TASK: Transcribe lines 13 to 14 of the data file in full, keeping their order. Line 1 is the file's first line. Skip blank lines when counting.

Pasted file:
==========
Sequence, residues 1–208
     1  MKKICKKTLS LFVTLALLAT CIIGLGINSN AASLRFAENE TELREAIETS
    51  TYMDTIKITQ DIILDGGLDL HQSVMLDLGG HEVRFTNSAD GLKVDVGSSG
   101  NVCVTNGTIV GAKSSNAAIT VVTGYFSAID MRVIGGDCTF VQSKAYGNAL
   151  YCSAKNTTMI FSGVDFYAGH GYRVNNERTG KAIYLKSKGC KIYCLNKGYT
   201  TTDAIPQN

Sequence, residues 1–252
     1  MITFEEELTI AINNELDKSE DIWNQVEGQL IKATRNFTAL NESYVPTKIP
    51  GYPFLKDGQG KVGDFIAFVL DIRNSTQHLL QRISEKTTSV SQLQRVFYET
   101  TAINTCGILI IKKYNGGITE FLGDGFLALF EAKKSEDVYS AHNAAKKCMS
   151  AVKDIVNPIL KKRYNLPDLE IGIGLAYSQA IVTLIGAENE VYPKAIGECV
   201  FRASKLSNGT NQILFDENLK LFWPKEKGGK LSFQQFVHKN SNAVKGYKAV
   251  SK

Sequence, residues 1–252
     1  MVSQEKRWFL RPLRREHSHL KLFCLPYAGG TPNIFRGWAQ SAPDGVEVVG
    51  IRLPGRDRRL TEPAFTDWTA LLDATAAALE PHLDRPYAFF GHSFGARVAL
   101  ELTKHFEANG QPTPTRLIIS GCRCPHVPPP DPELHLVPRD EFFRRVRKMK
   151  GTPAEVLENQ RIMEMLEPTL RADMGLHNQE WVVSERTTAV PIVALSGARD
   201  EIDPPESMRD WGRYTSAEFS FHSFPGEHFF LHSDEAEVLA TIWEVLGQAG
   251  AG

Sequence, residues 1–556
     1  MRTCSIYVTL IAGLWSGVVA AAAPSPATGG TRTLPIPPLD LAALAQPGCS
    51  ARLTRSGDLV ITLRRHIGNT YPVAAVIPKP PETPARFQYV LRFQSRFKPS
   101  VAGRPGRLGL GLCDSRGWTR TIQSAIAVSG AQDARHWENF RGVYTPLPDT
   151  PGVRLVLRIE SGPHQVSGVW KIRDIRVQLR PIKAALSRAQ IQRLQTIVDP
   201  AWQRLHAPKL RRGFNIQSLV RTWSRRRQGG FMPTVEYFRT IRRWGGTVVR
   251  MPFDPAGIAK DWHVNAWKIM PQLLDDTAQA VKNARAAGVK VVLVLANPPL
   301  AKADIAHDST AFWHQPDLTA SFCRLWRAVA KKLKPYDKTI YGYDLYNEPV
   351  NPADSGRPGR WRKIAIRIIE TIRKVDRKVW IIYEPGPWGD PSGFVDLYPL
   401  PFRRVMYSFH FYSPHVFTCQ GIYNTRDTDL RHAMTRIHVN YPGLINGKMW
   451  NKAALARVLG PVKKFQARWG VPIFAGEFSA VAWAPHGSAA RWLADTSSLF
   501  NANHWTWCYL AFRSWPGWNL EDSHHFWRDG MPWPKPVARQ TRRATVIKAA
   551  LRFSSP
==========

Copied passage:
   251  SK

Sequence, residues 1–252